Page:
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Creating online surveys is one of the quickest and most reliable ways for content marketers to collect feedback from their audiences. What should you look for when you’re choosing software to create, distribute, and analyze your surveys? Start with these nine features.
There’s a multi-step process to creating any survey which usually starts with question creation. More than likely your questions were written beforehand, reviewed by multiple people on the company ladder, and edited to perfection. Look for software that lets you upload the survey from a Word Doc or Spreadsheet. This will save you – or your intern – considerable time when you don’t have to copy and paste questions into the templates.
Some software lets users brand their surveys for free, but others require a paid account. Keep an eye on whether customization is paid or free when looking for the best tool. You want to be able to add your company’s logo and color scheme to keep the questionnaire on-brand. You wouldn’t send out a press release without your company’s logo, so why are you sending out the survey?
Depending on the length or nature of your survey, look into piping to break up the questions. Piping gives surveys the look and feel of a flow chart from behind the scenes, but makes answering questions easier for whoever is taking them. For example, if Question A asks, “Have you ever traveled outside of the United States?” answering “no” will move users to the next topic while answering “yes” will bring users to Question B, “How many countries have you visited?” Piping saves people time from having to answer questions that don’t apply to them and helps you when it comes to analytics.
A/B testing helps you see which questions work. As respondents click through, they will either take survey one or survey two. For example, a customer satisfaction survey with A/B testing might provide completely different results if they ask one set to “rate customer service on a scale of one to ten” and ask a second set to “rate whether they agree or disagree that customer service was fantastic.” One question is more leading.
If the survey is going to be used for a long period of time, consider updating it every few months by writing new questions and using A/B testing. Surveys are meant to get the data you need, not necessarily the answers you want.
Randomization is different from A/B testing because all readers get the same survey, but the questions are in a different order.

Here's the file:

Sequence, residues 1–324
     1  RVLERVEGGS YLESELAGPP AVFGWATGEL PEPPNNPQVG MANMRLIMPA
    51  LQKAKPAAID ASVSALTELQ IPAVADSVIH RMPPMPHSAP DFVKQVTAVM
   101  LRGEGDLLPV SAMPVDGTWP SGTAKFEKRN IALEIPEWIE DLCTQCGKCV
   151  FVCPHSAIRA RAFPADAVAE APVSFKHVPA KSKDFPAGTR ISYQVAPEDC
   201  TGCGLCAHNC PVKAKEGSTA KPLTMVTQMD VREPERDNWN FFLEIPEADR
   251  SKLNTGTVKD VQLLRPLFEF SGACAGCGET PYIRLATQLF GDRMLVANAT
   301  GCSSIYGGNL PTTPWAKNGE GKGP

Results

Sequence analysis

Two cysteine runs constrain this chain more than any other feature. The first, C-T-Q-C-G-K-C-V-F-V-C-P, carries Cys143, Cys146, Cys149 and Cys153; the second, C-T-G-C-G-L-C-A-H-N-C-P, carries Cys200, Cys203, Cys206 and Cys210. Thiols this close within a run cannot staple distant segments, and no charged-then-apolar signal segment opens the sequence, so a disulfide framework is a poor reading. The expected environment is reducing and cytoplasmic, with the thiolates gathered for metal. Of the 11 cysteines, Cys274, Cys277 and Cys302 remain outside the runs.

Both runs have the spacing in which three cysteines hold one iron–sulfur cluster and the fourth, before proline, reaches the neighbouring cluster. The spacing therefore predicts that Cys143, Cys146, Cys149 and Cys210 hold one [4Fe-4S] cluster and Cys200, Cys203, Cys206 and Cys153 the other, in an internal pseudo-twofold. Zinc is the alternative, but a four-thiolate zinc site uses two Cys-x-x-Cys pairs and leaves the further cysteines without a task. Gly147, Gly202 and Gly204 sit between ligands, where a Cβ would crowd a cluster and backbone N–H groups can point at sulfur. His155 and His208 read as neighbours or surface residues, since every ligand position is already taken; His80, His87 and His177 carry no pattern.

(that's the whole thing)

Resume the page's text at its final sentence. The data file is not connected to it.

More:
Both randomization and A/B testing are meant to cut back on bias. With question randomization you can choose which questions are presented at random and which stay in the same order. This keeps the data accurate and avoids leading questions. For example, the questions “Do you like Christmas? Do you like presents? Do you like snow?” can paint a picture of fluffy snowflakes and Christmas carols, while asking “Do you like snow?” first can make users think of cold mornings and shoveling the driveway. The true accuracy of snow’s popularity is measured through randomization.
Many survey platforms offer analytics, but you will also want to export your data into spreadsheets to manipulate it yourself. The software might provide an answer to question A, but unless it’s paired with the answer to question B it’s meaningless.
Also, if you’re looking for software to use in the long run, finding one that allows you to import previous data will make comparing trends over time easier. For example, if you are taking a 2013 survey and want to compare the results from 2012, importing data will make comparing and contrasting easier. Another example would be using the same survey but changing platforms, you will want to keep following the same set of data.
Readers are looking for any reason to bounce and abandon your page, and the fact that they need to click through to another site to take the survey is a common one. Look for software that will keep readers on your page and make your life easier. It should let you send out emails, collect data, and create reports without having to leave your WordPress account.
Thank-you messages are common upon completion of surveys, but after that users are left to flounder away from the site and visit other parts of the Internet. With a custom redirect, you can bring survey participants back to your homepage to keep them on your site longer, or even create a micro-site with exclusive content that rewards people for taking the survey.
The redirect keeps readers interacting with your content instead of bouncing to other sites. Plus, if you’re targeting new audiences with your survey, this is a chance to introduce them to everything your brand has to offer and build your traffic.
If your entire team is developing the survey, or multiple levels of management need to review it, look for a software that lets the whole team collaborate on a project. The worst case scenario is that one person signs-in before another can hit the save button, and the whole survey is lost.
Some survey websites not only let multiple people collaborate on projects, they also give them different access levels – like Google Docs and Smartsheets. You can assign one person to be the owner and editor, but give access to multiple other people as users to review and track the results. This keeps too many cooks from entering the kitchen.
These nine features can be broken down into three categories: tools to make creation and collaboration easier, tools to maintain the quality of your results, and tools to help your brand. Know what you’re looking for when choosing a survey software, and you’ll be gathering effective data before you know it.